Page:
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HOW TO IDENTIFY DRUG ADDICTS

By Arron Nyamayaro / Published on Monday, 02 Jul 2018 16:57 PM / No Comments / 1324 views

2 July 2018

THE Ministry of Health and Child Care, police and United Nations Information Centre officials last week carried an awareness campaign against drug abuse and illicit (drug) trafficking in Epworth.

Celebrating International Day Against Drug Abuse and Illicit Trafficking running under the theme “Mobilising the Youth Against Drug and Illicit Trafficking”, the organisers took time to educate young people on the dangers of drug and alcohol abuse.

The team visited four shopping centres in Epworth where they took time teaching children and parents on the dangers of drug abuse.

Addressing young people at Overspill Shopping Centre, the Ministry of Health and Child Care Mental Health Manager Eneti Siyame highlighted short-term and long-term consequences of drug abuse.

“It is the Ministry’s concern that young people remain focused and achieve their goals but the ever increasing abuse of drugs and illicit trafficking is affecting their careers and destiny,” said Siyame.

“We have short and long-term consequences of drug abuse that include; affecting the person’s judgment and decision making, family or social problems like relationship, work, financial problems, legal problems and injuries while using drugs or working under the influence of drugs.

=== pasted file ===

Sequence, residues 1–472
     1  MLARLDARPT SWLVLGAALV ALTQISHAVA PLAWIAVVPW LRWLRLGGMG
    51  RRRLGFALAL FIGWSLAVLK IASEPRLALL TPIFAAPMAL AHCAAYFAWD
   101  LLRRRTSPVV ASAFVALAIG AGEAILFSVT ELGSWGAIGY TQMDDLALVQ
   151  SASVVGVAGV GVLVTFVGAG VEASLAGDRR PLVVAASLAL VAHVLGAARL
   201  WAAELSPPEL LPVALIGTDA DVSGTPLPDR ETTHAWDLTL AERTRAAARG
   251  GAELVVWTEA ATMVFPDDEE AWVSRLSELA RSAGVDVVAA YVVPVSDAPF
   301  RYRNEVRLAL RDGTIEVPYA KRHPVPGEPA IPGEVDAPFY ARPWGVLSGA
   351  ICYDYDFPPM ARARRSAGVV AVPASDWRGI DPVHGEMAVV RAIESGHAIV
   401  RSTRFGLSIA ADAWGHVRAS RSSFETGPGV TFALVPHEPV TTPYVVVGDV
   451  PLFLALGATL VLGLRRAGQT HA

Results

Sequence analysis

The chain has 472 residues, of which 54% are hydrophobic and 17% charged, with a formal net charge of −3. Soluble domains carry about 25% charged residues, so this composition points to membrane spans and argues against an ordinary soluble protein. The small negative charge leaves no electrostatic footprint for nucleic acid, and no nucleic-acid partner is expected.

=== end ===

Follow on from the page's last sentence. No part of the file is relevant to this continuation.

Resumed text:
“Drug abuse also leads to physical health problems like liver disease and cancer, infertility, increased heart rate and blood pressure as well as HIV/ AIDs.

“Parents must closely monitor their children and check if they show signs like; lack of interest in school work, poor hygiene, lots of unusual friends, sleeping long hours and isolation, loss of weight, argumentative, lying, being defensive and loss of interest in hobbies or favourite activities,” said Siyame.

She implored people to discuss the issue of drug abuse as families and talk to their children, seek help from friends, professionals such as doctors, nurse, social workers, counsellors, teachers or pharmacists.

Siyame also called upon parents/guardians to closely monitor and talk with their children even if they do not act.

United Nations Information officer Tafadzwa Mwale highlighted health risks associated with smoking and advocating for effective policies to reduce consumption.

“The risk of tobacco related health problems and their complications increases when you start smoking or are exposed to second hand smoke (breathing someone’s smoke) at a young age,” said Mwale.

“Quit tobacco use and live a longer productive life, all of us should help children never to start smoking, help smokers to quit smoking and gently ask smokers not to smoke around you or your family,” said Mwale.

She said the United Nations Office on Drugs and Crime is leading the international campaign to raise awareness about the major challenges that illicit drugs represent to society as a whole, and especially to the young.